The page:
How Going Beyond Mere EHS Compliance Can Yield Financial Benefits

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Cutting edge environmental health and safety (EHS) management goes beyond mere compliance with OHS and environmental laws to embrace more onerous voluntary standards, such as those from ISO and CSA, and independent initiatives. Although complying with these standards and implementing voluntary programs consume more resources, they also provide the kind of positive ROI that improves the company’s financial performance. At least that’s the argument. Unfortunately, specific evidence documenting the economic benefits companies actually accrue in going beyond mere legal compliance is in short supply. That’s why a case study on Johnson & Johnson’s award-winning efforts is so notable.

Johnson & Johnson’s Approach

Johnson & Johnson is the parent company of about 200 subsidiaries that manufacture healthcare products for the consumer, pharmaceutical, medical devices and diagnostics markets in 57 countries. Its Technical Resources & Compliance Group (TRCG) provides EHS leadership, support and consulting services to all subsidiaries. In 2005, due largely to TRCG’s efforts, Johnson & Johnson won the Robert W. Campbell Award from the National Safety Council for business excellence through safety, health and environmental management.

The company has a “Credo” that embodies three themes:

  • Healthy People—Valuing all workers while promoting healthy lifestyles and safe work practices;
  • Healthy Planet—Conserving natural resources, respecting ecosystems and reducing its environmental footprint; and
  • Healthy Futures—Improving healthcare and supporting the well-being of people and communities.

The first two themes are primarily the responsibility of the TRCG, which uses a “beyond compliance” approach that emphasizes not just meeting regulatory requirements but also doing more. For example, under its Climate Friendly Energy Policy, Johnson & Johnson voluntarily committed itself to reducing  carbon dioxide emissions by four percent by 2005 and seven percent by 2010 (using 1990 as a baseline). In addition, by the end of 2004, 97% of its facilities were certified under ISO 14001.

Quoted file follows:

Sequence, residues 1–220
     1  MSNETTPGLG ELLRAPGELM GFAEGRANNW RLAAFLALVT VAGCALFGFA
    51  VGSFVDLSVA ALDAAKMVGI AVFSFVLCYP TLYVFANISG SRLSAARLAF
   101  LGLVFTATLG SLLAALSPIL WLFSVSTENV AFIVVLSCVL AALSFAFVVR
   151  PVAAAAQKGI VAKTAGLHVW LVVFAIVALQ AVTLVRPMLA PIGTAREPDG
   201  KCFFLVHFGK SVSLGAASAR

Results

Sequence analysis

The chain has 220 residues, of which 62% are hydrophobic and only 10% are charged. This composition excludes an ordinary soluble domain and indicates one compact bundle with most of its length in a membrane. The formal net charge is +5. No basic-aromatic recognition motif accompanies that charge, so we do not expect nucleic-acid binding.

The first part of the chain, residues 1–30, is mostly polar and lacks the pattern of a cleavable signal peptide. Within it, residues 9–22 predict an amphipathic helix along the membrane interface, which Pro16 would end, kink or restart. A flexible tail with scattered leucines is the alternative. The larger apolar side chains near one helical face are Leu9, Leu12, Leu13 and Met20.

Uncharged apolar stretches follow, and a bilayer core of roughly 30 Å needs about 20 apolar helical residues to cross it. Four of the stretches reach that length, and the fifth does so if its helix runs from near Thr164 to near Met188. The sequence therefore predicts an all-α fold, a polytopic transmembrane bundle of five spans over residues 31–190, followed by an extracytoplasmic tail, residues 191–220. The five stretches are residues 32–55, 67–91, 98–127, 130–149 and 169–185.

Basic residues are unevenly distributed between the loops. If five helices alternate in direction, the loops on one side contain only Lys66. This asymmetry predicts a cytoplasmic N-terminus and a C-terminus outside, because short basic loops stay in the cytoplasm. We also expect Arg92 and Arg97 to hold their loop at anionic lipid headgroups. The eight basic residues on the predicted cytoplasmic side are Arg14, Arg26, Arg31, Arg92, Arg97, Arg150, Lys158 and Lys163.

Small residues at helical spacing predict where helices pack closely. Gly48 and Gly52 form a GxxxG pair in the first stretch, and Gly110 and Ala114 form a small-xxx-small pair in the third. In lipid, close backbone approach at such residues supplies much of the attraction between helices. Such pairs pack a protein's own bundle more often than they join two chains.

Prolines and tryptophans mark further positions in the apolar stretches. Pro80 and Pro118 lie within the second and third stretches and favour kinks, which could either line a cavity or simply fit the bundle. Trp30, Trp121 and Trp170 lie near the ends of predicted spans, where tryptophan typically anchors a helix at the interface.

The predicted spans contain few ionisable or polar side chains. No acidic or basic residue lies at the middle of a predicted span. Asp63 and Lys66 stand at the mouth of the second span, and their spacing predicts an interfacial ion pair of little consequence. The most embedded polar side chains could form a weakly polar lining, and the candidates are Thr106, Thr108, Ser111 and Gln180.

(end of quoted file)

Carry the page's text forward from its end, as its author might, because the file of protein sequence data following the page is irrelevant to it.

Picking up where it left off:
The beyond compliance approach has paid off financially for the company in several ways. Examples:

Wellness program leads to $9 to $10 million in annual savings. In 2003, the company launched a comprehensive wellness program that set aggressive targets for improving workers’ overall health. By June 2004, the targets for reduction of smoking, high blood pressure and cholesterol were all exceeded. Nearly 20,000 people participated in the program, which produced savings of $225 per employee per year ($9 to $10 million) primarily from reduced use of medical services and lower administrative expenses.

Ergonomics program saves $50,000 a year. A subsidiary in Mexico made changes to a manual packaging line to address ergonomics risks. As a result, it:

  • Cut the risk of musculoskeletal injury by 48%;
  • Increased production by 20%; and
  • Saved $50,000 in costs per year.

SAFE Fleet program reduces vehicular accidents by 40%. The company’s SAFE Fleet initiative was designed to reduce traffic accidents by sales associates. As part of the program, regional sales managers include safe driving objectives in their performance reviews of sales associates. And district sales managers ride along with sales associates at least twice a year to evaluate their driving performance. As a result, the number of accidents per million miles driven over a 10-year period was reduced by 40%, which is particularly impressive in light of the fact that the number of fleet cars increased by 139% during that same period.

The benefits Johnson & Johnson has gained from its beyond compliance approach aren’t limited to the safety arena. For example, a subsidiary’s use of a “Design for the Environment” tool that evaluates processes based on environmental factors, such as water usage, energy consumption, hazardous materials requirements and overall efficiency, cut raw material consumption and waste generation in half—representing $2 million in annual cost savings. And a subsidiary based in Brazil developed an innovative program for recycling industrial waste that:

  • Increased the amount of waste recycled from 42% to 73%;
  • Reduced the amount sent to landfills from 57% to 20%; and
  • Saved the facility $1.1 million in raw material and waste disposal costs—in one year alone.

Insider Says: Johnson & Johnson recognizes the efforts of workers who contribute to EHS initiatives. For example, as of 2004, more than 20 EHS professionals were awarded various certifications for projects that generated over $2 million in savings or cost avoidance for Johnson & Johnson.

BOTTOM LINE

One of the reasons for the success of Johnson & Johnson’s EHS initiatives is that the “beyond compliance” philosophy is what drives senior management. In fact, the company adopted this approach as a “management imperative” for all aspects of its business. Senior management not only financially supports EHS efforts but also is actively involved in communicating the EHS message and monitoring the progress of EHS projects. As an EHS coordinator, use this study to show your executives that, with their commitment, adopting a similar approach in your company can reap benefits for workers, the environment and the bottom line.

Insider Source

J&J Safety, Health and Environmental Goes “Beyond Compliance” to Create a Competitive Advantage, Robert W. Campbell Award Winner, National Safety Council, 2005